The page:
Finally, before one starts to rebuild the lodgings where one lives, it is not sufficient to knock them down and provide for materials and architects or to work on the architecture oneself, having, in addition to that, carefully drawn up a design. One must also provide oneself with some other place where one can lodge comfortably during the time one works on the building. Thus, in order not to be irresolute in my actions while my reason obliged me to be so in my judgments and in order not to prevent myself living from then on as happily as I could, I drew up for myself a provisional morality, consisting of only three or four maxims, which I wish to share with you.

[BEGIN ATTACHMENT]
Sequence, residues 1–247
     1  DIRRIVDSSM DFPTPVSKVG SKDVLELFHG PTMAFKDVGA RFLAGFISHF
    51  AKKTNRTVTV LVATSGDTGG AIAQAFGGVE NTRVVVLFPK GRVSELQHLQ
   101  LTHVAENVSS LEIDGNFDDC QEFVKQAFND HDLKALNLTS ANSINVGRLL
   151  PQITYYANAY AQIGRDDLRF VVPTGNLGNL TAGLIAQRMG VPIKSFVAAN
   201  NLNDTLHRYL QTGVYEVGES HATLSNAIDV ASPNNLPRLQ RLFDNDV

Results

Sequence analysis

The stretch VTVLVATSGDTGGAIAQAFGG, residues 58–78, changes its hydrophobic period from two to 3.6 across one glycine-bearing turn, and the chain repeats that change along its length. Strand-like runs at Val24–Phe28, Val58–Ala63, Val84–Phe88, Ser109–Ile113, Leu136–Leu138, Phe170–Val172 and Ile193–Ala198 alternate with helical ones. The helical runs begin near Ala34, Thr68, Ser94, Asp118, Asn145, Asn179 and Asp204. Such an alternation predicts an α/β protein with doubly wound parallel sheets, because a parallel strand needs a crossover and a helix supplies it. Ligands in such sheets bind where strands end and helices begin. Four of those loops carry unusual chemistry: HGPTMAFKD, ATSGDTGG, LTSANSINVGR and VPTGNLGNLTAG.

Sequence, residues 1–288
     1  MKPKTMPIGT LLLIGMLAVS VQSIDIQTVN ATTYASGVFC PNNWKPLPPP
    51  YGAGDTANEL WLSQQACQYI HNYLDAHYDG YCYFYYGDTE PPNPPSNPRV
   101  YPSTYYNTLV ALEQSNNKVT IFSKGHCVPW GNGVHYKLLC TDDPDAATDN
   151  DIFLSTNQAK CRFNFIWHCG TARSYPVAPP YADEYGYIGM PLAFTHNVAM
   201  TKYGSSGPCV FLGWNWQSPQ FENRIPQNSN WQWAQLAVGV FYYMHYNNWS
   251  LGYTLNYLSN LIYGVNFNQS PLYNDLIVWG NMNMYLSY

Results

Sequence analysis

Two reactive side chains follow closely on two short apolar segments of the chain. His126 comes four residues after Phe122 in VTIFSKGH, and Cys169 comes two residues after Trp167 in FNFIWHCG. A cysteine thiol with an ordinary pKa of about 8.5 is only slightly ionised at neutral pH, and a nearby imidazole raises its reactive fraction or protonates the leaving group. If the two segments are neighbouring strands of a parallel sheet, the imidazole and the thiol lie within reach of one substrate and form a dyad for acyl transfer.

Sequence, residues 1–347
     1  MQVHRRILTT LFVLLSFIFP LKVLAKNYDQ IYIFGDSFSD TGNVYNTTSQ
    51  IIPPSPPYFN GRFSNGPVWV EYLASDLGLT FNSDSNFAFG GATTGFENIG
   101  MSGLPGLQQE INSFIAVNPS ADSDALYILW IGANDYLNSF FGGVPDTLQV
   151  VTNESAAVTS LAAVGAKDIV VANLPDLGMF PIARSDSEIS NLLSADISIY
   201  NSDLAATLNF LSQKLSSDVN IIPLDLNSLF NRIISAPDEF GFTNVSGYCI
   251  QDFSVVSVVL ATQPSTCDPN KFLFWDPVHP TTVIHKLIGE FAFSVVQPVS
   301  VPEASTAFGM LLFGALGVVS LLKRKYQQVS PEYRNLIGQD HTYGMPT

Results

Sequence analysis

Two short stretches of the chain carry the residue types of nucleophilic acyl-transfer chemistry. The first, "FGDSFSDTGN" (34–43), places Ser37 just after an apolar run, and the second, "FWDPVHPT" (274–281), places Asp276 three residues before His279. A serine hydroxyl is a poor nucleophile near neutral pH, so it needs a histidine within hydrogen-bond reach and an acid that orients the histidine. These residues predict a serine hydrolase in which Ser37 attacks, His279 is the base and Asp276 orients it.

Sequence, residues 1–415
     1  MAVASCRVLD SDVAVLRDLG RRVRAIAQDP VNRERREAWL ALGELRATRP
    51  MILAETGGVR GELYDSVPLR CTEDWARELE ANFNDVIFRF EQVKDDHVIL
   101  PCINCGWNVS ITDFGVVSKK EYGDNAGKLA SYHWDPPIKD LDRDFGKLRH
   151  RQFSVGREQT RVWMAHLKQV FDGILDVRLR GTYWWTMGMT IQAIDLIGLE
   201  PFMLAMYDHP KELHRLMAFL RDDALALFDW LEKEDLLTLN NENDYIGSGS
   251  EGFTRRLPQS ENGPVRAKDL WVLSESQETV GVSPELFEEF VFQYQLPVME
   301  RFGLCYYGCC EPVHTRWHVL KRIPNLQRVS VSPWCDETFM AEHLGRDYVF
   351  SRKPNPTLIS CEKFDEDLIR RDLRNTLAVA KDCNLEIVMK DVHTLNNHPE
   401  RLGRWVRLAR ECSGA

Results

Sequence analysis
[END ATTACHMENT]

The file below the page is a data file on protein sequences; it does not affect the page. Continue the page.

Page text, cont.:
The first was to obey the laws and the customs of my country, constantly holding to the religion which God gave me the grace to be instructed in since my childhood and governing myself in all other things in accordance with the most moderate opinions, the ones furthest removed from excess, which were commonly accepted and practised by the most sensible of those people among whom I would be living. Since, from that point on, I began to estimate my own views as worthless, because I wished to subject them all to examination, I was confident that I could not do better than to follow those of the most sensible people. And even though there might perhaps be people just as sensible among the Persians or the Chinese as among us, it seemed to me that the most practical thing would be for me to guide myself by those among whom I had to live and that, in order to understand their real opinions, it would be better for me to pay attention to what they practised rather than to what they said, not only because, given the corruption of our morals, there are few people who are willing to state everything they believe, but also because several are themselves ignorant of what they believe. For the act of thinking by which one believes in something is different from the act of thinking by which one understands that one believes it, and one of these separate acts frequently appears without the other. Moreover, among several opinions equally well received, I chose only the most moderate ones, as much because such opinions are always the most convenient to practice and probably the best, for all excess is usually bad, as because they would also not take me as far from the true road, if I made a mistake, as if I had chosen one of the extremes when it was the other one which I should have followed. And I especially included among what was excessive all promises by which one reduces one's liberty. Not that I disapprove of laws which, in an attempt to remedy the fickleness of feeble minds, permit people with a good plan or even an indifferent arrangement for security in business to make vows or contracts obliging them to maintain their provisions. But because I did not see anything in the world which remained always in the same condition and, in my particular case, because I promised myself that I would increasingly perfect my judgments and not make them worse, I would have thought I was committing a great error in good sense if, because I then approved of something, I obliged myself to continue to take it as something good later on, when it had perhaps ceased to be so or when I had ceased to value it as something good.